How great would it be if le weekend were forever? Well, now it is. The noun, that is, not the break from work that it implies.
It’s all thanks to France’s culture minister, Korean-born Fleur Pellerin. She recently stunned the country with an announcement that the French language should embrace foreign words. English, by contrast, has always been rather good at this, frequently borrowing words from other languages.
In France, this, erm, volte-face threatened to put Mme Pellerin at odds with the Académie Française. Set up in 1635 by Cardinal Richelieu, its very purpose is to protect the French language.
As a result of its work, France has faced some gentle ribbing over the years at its insistence on coming up with alternatives to popular – and frequently English – terms.
However, this approach has proved particularly difficult to sustain in the electronic age. Words such as courriel (email), mot-dièse (hashtag) and accès sans fil à l’internet (wi-fi) have drawn ridicule internationally.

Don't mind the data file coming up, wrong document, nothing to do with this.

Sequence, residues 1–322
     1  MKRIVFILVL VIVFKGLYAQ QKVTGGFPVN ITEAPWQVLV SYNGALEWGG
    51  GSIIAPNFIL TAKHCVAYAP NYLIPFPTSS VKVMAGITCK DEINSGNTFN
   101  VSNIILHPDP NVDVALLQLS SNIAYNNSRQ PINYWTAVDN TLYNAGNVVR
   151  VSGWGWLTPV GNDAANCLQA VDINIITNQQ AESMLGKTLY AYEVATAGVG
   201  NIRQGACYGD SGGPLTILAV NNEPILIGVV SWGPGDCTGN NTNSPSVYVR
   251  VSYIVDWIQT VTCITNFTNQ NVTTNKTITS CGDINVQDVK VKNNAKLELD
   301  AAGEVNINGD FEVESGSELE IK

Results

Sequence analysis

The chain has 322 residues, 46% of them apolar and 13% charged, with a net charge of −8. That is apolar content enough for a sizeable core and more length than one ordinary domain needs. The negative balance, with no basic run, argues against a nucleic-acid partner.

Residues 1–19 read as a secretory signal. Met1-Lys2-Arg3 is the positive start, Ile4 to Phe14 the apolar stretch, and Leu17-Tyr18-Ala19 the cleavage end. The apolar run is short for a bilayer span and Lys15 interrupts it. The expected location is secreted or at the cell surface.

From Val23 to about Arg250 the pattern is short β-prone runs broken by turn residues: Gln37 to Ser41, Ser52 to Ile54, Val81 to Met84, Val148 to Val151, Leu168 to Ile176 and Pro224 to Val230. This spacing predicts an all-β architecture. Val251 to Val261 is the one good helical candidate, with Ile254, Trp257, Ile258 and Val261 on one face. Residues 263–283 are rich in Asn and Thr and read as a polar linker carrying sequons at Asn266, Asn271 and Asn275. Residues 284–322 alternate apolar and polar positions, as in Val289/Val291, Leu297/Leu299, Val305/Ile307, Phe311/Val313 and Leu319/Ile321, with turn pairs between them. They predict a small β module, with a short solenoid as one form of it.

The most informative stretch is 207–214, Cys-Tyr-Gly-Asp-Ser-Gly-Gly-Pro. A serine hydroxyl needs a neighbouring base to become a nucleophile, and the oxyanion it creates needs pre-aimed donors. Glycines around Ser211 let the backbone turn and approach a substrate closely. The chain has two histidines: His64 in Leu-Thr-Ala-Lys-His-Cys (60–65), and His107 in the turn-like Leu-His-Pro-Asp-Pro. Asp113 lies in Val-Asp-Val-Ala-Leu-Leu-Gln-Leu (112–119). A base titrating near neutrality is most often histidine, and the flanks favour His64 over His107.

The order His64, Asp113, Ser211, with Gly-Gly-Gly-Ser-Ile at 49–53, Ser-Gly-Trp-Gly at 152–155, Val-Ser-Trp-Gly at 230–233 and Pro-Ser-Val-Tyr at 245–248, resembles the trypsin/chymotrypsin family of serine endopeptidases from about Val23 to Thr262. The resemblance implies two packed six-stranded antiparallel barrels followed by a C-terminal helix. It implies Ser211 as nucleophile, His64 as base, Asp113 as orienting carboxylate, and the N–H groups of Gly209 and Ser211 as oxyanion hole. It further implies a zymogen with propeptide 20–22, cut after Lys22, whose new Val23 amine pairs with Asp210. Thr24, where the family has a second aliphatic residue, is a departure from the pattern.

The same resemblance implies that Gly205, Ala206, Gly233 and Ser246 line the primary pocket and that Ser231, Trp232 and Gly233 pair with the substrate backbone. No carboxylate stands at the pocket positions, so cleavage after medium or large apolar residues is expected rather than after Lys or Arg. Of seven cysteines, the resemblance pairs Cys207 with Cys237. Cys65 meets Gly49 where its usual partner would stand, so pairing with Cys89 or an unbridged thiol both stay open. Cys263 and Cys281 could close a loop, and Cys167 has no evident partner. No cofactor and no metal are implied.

“Words such as courriel (email), mot-dièse (hashtag) and accès sans fil à l’internet (wi-fi) have drawn ridicule internationally”
For native English speakers like me, the notion of trying to preserve the purity of the language is an intriguing one. English, after all, is largely the love child of French, German and Latin.
That explains why you can often find a synonym for older words in English – the language will have taken one from a French or Latin source and one from a German source. Take ‘publication’ or ‘book’, for example.
It seems, the French are catching on, albeit belatedly.
So, now, if you want to eat un cheeseburger at le weekend, then do a spot of le jogging, you can. Mind you, lots of French people did anyway.